Pregnancy for Older Women: Assessing the Medical Risks

By Phyllis Kernoff Mansfield | Go to book overview

APPENDIX C Selected Medical Views Concerning Pregnancy at Advanced Maternal Age
Date
Written
View of Advanced Maternal Age Effect
1910-19 "We all were taught in medical school that childbirth in the
elderly primipara is considerably more difficult than in the
younger primipara and is to be dreaded both by patient and
physician. . . . We must conclude that the tradition handed
down to us from past generations of the many dangers of child-
birth in the elderly primiparae can no longer be maintained un-
reservedly" ( Spain, 1912, p. 421). [R]
"In our experience the course of pregnancy, labor and the puer-
perium in a woman over 30 years of age differs but little from
that in one under 30" ( Berkeley & Bonney, 1915, p. 315). [T]
1920-29 "Practical obstetric experience has shown that . . . occasionally
even a woman near the menopausal age may have her first baby
with surprising ease and rapidity. Apparently, then, age is not
the only factor involved or always the most important one"
( Schulze, 1929, p. 824). [R]
1930-39 "It is hard to understand why childbearing in the elderly primi-
para has been thought to be so very difficult and so fraught with
dire consequences. The opinion prevails quite generally in the
medical profession and is shared also by the laity . . . yet most
of those who have written upon the subject believe . . . that not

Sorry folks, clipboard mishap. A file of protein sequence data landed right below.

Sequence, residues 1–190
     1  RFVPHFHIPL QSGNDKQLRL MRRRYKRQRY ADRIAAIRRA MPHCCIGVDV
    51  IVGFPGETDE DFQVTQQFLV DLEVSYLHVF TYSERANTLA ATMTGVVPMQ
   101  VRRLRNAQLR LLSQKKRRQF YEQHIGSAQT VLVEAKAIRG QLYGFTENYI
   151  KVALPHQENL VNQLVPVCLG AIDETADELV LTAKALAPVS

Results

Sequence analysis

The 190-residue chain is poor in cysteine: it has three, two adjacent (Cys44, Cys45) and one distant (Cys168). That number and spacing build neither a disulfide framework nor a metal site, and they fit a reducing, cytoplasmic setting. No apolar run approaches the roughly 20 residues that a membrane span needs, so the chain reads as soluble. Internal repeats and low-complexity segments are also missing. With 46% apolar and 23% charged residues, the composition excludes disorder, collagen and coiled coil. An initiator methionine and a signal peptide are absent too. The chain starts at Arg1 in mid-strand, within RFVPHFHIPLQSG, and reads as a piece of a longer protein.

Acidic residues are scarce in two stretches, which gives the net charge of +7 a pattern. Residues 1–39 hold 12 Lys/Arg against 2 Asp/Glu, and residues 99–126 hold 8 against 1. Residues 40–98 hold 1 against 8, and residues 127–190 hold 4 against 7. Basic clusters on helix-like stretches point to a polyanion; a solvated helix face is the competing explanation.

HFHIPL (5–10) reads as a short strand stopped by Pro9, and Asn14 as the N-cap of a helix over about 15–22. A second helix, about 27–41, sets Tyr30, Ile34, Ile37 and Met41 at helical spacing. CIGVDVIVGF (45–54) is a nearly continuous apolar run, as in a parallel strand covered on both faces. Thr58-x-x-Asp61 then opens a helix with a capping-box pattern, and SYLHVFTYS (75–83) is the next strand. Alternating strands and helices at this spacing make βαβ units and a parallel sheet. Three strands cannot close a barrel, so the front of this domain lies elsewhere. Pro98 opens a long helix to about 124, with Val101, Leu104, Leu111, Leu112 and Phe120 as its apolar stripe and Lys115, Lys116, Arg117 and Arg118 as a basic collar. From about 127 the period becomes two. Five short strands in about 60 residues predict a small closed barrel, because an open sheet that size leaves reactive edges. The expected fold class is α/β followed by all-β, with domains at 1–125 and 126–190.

only is there little added risk to the mother . . . but that the
fetal mortality is no higher . . ." ( Quigley, 1931, p. 234). [R]
One can "naturally expect" increased uterine inertias with long
labors, more toxemias, resistant soft parts, and a resulting in-
crease in fetal and maternal morbidity and mortality ( Daichman, 1932, p. 127). [R]
"Many women are purposely avoiding maternity on the ground
that they are too old to bear children without great hazard to
themselves. In addition, such women are very often unfavor-
ably influenced by the belief of the laity in a frequently dan-
gerous . . . labor. This erroneous supposition is immediately
given additional weight by haphazard lay and at times, quasi-
scientific medical advice" ( Nathanson, 1935, p. 159). [R]
Note: [R] = comment from a research journal; [T] = comment from a medi-
cal textbook; [P] = comment from a popular book or article.

-163-

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